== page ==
Key Genes Associated with Cancer Found in Circulating Blood Microvesicles
News Feb 07, 2011
Exosome Diagnostics Inc. a developer of body fluid molecular diagnostics today announced that a team led by Dr. Johan Skog has published new findings showing that microvesicles shed in circulation contain powerful genetic elements, called retrotransposons, associated with cancer cell growth (www.nature.com/ncomms/index.html). Dysregulation of retrotransposons has been observed in many different types of cancer cells. They have also been known as "jumping genes" for their ability to copy themselves and insert into new places of the genome. The presence of retrotransposons in microvesicles gives them a mechanism for horizontal gene transfer to adjacent cells.
The research team also revealed that when tumors have amplification of certain oncogene sequences like c-Myc, this is reflected in the microvesicles isolated from the blood. "Increased levels of the oncogene c-Myc has been shown to play a role in cancer tumor progression and is typically associated with poor prognosis in medulloblastomas, the most common malignant brain tumor in children" says the first author Leonora Balaj at Massachusetts General Hospital.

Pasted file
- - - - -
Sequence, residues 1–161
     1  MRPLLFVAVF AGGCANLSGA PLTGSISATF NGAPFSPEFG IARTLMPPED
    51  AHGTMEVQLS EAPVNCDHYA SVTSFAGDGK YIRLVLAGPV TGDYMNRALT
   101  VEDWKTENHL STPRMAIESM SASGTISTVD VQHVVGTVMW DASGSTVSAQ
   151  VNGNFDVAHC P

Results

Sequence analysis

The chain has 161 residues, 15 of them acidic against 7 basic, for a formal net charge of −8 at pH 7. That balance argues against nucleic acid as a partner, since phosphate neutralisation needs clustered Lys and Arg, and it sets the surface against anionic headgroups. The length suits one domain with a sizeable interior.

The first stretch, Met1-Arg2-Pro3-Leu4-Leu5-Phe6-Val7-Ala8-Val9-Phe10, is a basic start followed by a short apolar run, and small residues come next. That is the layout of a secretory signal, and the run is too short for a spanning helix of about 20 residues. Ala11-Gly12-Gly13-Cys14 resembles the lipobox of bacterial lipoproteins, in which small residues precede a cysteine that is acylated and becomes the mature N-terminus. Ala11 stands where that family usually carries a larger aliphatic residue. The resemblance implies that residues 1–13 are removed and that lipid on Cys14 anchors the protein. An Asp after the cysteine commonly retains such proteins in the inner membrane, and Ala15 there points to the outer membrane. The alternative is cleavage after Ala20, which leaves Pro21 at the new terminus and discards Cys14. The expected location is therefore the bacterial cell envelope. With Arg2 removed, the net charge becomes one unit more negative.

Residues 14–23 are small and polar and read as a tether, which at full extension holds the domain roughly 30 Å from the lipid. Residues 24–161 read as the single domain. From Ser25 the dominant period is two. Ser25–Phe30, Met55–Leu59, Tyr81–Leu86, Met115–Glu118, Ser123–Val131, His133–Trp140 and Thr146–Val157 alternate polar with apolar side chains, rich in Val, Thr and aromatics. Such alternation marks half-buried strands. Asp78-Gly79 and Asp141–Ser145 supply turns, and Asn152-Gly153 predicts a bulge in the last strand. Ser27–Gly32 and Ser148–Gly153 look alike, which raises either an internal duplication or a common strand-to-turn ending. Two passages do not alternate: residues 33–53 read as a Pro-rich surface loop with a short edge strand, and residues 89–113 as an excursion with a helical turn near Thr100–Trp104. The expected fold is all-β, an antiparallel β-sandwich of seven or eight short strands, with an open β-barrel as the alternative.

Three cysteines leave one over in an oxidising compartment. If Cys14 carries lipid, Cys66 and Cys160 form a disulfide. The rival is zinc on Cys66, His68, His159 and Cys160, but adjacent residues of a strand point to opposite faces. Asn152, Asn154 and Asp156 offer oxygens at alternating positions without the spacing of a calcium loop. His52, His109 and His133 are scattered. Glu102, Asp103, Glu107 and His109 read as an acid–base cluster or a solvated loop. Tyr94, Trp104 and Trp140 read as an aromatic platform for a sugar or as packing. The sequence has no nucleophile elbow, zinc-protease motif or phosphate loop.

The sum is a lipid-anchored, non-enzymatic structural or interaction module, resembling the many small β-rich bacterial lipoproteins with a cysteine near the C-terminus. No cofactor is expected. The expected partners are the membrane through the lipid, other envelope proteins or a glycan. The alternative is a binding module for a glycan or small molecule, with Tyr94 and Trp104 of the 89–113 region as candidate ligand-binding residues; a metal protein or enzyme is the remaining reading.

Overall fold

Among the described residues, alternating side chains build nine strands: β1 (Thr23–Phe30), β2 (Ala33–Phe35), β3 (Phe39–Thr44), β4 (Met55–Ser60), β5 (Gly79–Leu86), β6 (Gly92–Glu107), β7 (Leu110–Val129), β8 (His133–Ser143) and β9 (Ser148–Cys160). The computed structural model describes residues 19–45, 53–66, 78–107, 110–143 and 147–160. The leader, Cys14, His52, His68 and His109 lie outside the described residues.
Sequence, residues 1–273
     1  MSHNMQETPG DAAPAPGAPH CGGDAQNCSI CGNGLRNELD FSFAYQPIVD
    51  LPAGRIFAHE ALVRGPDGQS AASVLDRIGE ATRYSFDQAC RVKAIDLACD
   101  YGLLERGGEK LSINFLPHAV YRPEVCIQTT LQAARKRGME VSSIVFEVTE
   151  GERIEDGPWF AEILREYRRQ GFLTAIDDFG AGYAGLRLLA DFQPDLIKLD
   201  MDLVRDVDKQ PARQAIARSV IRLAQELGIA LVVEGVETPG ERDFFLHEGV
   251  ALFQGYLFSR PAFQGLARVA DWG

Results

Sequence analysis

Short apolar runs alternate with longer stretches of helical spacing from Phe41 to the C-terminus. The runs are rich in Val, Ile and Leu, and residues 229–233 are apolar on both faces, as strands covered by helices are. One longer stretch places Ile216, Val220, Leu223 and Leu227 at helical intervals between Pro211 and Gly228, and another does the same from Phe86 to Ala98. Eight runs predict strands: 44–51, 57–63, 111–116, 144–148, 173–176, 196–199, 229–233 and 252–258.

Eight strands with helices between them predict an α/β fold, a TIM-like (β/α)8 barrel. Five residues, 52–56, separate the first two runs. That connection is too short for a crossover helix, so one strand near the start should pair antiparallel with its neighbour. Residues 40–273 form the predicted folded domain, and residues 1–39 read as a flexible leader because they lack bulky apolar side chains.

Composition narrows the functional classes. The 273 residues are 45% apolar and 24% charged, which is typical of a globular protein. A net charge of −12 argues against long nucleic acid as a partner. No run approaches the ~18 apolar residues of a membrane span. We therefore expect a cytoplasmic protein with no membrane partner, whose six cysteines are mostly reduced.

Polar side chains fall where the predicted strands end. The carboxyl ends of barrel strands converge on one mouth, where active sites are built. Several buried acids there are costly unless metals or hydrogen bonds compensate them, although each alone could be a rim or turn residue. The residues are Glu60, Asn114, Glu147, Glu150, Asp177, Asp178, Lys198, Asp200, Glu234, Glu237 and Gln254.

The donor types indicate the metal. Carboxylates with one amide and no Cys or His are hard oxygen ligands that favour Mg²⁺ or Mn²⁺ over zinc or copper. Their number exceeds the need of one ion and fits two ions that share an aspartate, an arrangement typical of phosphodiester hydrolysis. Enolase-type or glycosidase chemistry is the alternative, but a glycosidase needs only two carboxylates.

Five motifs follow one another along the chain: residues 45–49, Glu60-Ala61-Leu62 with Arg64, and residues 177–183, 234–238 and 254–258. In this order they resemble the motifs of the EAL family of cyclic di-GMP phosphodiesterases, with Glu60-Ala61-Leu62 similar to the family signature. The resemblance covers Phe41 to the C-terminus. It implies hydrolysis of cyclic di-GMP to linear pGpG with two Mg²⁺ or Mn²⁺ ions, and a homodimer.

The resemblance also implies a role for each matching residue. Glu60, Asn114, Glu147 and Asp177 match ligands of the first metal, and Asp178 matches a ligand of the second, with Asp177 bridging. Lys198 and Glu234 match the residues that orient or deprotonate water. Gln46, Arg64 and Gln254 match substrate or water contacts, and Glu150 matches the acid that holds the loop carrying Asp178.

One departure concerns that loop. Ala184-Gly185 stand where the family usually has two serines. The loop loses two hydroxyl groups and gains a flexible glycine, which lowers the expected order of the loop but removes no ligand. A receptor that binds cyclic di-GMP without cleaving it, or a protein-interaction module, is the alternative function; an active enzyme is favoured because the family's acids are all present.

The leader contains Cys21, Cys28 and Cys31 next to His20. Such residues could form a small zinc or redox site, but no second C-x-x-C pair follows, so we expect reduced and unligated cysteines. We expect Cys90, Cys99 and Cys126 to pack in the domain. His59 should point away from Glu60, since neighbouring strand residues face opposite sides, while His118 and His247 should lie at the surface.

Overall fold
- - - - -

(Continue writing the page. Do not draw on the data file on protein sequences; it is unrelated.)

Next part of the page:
Together, these findings expand the nucleic acid content of tumour microvesicles to include: elevated levels of certain coding and non-coding RNA and DNA, mutated and amplified oncogene sequences and transposable elements.
“This research could have significant implications for diagnosis and ongoing management of cancers,” said Dr. Skog, lead author on the paper and now Director of Research at Exosome Diagnostics. "The extensive variety of oncology biomarkers found in microvesicles can help enable diagnosis of disease, and provide insights to the precise mechanisms at play through disease progression in a particular patient.”
Exosome Diagnostics is developing a number of high-sensitivity blood and urine based molecular diagnostic tests from exosomes and other microvesicles with a focus on key gene expressions and mutations that can be targeted in therapeutic intervention and monitoring of disease recurrence. Detection of key genetic biomarkers in patient blood and urine samples is challenging because of the need for high sensitivity against a back¬ground of normal cellular DNA and RNA. Microvesicles contain DNA and RNA from the cell of origin, and because they efficiently store and protect their DNA and RNA, microvesicles released into the circulation can provide a window into the genetic profile of an individual’s tumour or other disease condition.
Exosome Diagnostics is developing exosome body fluid molecular diagnostic technology on different laboratory instrument platforms, including qPCR and sequencing for use as both laboratory developed tests in CLIA certified laboratories and as regulated in-vitro diagnostic kits.